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The Hunger

The NYT writes about a study today that suggests (the sample was only 20 people) metabolic factors affect decision-making–in short, hungry people take bigger risks. As one person pointed out in the comments, it seems to make evolutionary sense. If you’re full, no need to chase after that scary woolly mammoth or hike into unknown territory. If you’re hungry, it might seem worthwhile.

I was intrigued that the Times chose to frame their discussion of the findings in terms of  wealthy finance-industry players, writing, “Maybe what Wall Street’s risk-loving bankers really need is a better diet.” They even had a picture of a fat cat!

Really, New York Times? Exactly how hungry do you think people on Wall Street are? I’m guessing: Not at all. Is there any evidence at all that rich folks are hungry, other than maybe those on diets? The Times is all hahah, maybe we can blame the financial meltdown on this! It’s so telling to me that they didn’t think that perhaps hunger made the victims of Wall Street more vulnerable to the hucksterism and shady dealings of sub-prime predators.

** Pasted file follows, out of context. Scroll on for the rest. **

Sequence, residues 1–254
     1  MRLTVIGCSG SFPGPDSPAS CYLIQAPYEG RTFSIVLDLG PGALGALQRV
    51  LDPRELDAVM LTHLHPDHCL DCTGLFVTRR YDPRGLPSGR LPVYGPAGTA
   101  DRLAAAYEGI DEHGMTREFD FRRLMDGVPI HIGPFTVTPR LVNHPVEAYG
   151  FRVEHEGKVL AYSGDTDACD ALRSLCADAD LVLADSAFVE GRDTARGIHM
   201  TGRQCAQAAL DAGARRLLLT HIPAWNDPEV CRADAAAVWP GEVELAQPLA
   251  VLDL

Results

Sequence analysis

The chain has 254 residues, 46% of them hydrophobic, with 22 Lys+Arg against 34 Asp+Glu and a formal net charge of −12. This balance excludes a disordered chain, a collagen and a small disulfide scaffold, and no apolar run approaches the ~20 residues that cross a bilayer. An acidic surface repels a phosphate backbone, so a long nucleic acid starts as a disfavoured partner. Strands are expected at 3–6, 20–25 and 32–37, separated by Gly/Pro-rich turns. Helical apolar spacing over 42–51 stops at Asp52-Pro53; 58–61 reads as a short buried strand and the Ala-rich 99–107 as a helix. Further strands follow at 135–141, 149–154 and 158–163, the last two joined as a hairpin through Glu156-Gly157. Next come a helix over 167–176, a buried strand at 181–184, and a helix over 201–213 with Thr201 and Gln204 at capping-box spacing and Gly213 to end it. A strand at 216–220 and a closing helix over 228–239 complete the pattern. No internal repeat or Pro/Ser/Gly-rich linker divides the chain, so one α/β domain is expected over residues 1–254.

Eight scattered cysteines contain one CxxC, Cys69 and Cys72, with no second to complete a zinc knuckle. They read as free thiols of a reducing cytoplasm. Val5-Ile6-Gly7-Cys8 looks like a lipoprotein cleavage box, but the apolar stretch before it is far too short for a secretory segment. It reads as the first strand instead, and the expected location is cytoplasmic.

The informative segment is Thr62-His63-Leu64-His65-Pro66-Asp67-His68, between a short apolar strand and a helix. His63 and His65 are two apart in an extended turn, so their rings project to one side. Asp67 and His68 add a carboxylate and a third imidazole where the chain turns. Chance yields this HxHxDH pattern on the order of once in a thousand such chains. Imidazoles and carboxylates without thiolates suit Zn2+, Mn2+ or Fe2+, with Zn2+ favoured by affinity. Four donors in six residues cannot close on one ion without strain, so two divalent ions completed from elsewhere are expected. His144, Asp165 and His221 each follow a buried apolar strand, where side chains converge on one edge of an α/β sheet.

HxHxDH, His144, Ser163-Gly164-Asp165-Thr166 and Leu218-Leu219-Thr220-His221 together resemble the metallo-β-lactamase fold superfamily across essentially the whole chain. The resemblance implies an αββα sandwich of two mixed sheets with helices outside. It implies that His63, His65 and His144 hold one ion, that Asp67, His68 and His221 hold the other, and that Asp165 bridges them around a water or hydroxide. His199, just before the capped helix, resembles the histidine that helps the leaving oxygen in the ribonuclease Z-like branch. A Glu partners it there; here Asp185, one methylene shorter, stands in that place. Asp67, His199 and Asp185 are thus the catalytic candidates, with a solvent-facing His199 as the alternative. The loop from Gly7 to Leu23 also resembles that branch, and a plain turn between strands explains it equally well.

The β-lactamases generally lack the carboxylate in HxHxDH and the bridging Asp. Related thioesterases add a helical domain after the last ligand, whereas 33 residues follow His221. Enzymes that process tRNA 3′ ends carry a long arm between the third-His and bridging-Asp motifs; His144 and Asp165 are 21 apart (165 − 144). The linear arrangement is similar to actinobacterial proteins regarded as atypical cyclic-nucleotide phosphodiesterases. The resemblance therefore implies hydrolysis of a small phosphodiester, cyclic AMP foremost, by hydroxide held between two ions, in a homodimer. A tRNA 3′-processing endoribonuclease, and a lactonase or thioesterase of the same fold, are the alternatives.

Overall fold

The study itself used purchasing lottery tickets as its measure of risk-taking behavior. The subjects who were hungry chose riskier odds. Hmm, who plays the lottery in real life? It is disproportionately people with lower incomes. A Carnegie-Mellon study found that (surprise), those with fewer resources are more desperate for changes in their circumstances and find the concept of a lottery appealing, because, in theory, anyone can win.

We know the brain needs food. That’s why school lunch programs and making sure children eat breakfast are so important. That’s why we support NYC’s free meal program for children under 18. That’s why we were dismayed to read today that so many states and municipalities are cutting such programs, especially during a time of economic crisis. Because we are a lot more worried about kids going hungry than we are about bankers missing a meal.

–Snacktime

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